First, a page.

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And Davie is determined that Alec gain a better education,

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so he can escape a similar fate.

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Don't ever be a sailmaker, son.

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Get good grades and you can do something...

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..fancy.

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Alec and his cousin, Ian, are very close

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and enjoy playing imaginative games together.

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Let's play grown-ups, Ian,

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and imagine what it would be like if we were really tall.

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But they drift apart

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when Alec becomes involved with his local church.

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Church is rubbish.

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Ian, meanwhile, is content to be working-class like his dad, Billy -

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that's Davie's brother.

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You just need a trade, son, that's all you need.

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OK, no probs, will do.

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And when Alec secures a scholarship to a private school,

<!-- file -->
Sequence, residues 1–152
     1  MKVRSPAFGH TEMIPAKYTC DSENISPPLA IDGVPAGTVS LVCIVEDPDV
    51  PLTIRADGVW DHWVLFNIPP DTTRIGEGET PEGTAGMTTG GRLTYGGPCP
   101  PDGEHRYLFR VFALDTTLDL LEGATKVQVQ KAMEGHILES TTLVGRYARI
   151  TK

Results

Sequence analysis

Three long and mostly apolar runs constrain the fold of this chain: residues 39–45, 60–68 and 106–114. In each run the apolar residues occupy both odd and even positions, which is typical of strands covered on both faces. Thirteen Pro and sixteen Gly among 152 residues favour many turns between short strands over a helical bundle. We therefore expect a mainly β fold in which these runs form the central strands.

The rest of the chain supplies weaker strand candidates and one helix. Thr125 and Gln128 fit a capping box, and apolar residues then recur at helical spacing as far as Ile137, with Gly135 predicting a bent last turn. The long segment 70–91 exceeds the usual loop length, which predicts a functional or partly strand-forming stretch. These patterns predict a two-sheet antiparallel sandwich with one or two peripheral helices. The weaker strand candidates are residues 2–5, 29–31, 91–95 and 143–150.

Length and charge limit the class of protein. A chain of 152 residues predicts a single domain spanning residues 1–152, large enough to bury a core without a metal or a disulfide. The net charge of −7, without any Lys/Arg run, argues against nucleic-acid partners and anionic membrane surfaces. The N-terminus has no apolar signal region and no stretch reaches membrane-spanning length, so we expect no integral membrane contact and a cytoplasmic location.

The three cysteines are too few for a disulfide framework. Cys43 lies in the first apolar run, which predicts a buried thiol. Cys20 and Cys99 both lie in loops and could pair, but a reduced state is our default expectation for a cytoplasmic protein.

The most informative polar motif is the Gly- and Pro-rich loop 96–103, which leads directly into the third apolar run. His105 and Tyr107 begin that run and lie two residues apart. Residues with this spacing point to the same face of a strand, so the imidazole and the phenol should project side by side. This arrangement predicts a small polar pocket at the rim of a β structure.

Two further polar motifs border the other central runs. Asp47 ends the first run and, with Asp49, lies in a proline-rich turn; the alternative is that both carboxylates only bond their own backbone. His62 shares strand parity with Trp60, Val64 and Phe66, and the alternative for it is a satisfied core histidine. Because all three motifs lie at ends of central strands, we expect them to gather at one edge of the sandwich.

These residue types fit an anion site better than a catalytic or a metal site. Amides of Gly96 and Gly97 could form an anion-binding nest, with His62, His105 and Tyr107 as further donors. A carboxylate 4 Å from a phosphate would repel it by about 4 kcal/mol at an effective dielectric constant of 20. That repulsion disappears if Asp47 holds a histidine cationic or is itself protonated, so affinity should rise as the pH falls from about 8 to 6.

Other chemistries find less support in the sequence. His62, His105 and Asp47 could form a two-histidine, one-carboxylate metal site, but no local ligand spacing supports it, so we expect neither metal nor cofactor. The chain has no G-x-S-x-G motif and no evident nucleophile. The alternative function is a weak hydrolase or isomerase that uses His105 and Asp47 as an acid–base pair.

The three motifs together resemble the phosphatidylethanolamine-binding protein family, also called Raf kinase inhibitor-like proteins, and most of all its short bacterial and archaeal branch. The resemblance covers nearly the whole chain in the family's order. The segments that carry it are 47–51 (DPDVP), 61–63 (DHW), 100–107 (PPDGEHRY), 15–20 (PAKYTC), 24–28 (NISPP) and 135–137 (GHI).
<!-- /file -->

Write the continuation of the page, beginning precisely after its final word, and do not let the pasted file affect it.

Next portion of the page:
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he mocks him for wanting to better himself.

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School's rubbish.

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Throughout the play, an old wooden toy yacht

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is at the centre of the action.

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Alec finds it abandoned in a cupboard

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and asks his dad to make a sail for it.

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You used to be a sailmaker, Dad,

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so this would be a massively symbolic opportunity for you

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to face up to the pains of the past and move on in life.

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But despite his promises and passion for the craft, it never happens.